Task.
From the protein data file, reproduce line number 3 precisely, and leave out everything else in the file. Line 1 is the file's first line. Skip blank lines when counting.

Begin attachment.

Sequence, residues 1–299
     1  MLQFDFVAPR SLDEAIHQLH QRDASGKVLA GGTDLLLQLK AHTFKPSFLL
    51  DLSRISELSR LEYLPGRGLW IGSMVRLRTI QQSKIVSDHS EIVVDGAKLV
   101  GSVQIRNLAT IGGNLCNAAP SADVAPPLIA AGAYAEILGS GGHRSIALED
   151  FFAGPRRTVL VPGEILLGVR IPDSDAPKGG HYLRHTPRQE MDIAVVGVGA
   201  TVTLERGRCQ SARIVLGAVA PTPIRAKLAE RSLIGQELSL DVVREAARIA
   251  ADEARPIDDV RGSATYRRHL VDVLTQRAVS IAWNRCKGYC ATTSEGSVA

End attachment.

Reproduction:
    51  DLSRISELSR LEYLPGRGLW IGSMVRLRTI QQSKIVSDHS EIVVDGAKLV